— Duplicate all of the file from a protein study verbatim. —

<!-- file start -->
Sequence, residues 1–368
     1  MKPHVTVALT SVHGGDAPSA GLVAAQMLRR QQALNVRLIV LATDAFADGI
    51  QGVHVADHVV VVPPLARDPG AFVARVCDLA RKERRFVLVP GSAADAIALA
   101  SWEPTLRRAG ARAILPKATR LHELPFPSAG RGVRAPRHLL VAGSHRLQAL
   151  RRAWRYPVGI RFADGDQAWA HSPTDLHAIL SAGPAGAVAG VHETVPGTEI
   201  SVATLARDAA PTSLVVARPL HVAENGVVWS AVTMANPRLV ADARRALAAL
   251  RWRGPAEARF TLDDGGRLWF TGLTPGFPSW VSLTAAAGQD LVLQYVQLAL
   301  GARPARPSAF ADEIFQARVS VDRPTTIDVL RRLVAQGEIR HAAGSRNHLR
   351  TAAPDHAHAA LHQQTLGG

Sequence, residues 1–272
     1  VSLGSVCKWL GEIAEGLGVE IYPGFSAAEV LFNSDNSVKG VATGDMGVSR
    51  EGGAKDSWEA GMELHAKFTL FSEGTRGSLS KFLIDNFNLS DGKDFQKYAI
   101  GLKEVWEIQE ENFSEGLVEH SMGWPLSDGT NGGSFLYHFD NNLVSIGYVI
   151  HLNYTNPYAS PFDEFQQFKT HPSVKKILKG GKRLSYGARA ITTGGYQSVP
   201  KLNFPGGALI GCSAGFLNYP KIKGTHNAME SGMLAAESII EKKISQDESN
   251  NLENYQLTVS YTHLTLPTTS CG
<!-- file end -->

Sequence, residues 1–368
     1  MKPHVTVALT SVHGGDAPSA GLVAAQMLRR QQALNVRLIV LATDAFADGI
    51  QGVHVADHVV VVPPLARDPG AFVARVCDLA RKERRFVLVP GSAADAIALA
   101  SWEPTLRRAG ARAILPKATR LHELPFPSAG RGVRAPRHLL VAGSHRLQAL
   151  RRAWRYPVGI RFADGDQAWA HSPTDLHAIL SAGPAGAVAG VHETVPGTEI
   201  SVATLARDAA PTSLVVARPL HVAENGVVWS AVTMANPRLV ADARRALAAL
   251  RWRGPAEARF TLDDGGRLWF TGLTPGFPSW VSLTAAAGQD LVLQYVQLAL
   301  GARPARPSAF ADEIFQARVS VDRPTTIDVL RRLVAQGEIR HAAGSRNHLR
   351  TAAPDHAHAA LHQQTLGG

Sequence, residues 1–272
     1  VSLGSVCKWL GEIAEGLGVE IYPGFSAAEV LFNSDNSVKG VATGDMGVSR
    51  EGGAKDSWEA GMELHAKFTL FSEGTRGSLS KFLIDNFNLS DGKDFQKYAI
   101  GLKEVWEIQE ENFSEGLVEH SMGWPLSDGT NGGSFLYHFD NNLVSIGYVI
   151  HLNYTNPYAS PFDEFQQFKT HPSVKKILKG GKRLSYGARA ITTGGYQSVP
   201  KLNFPGGALI GCSAGFLNYP KIKGTHNAME SGMLAAESII EKKISQDESN
   251  NLENYQLTVS YTHLTLPTTS CG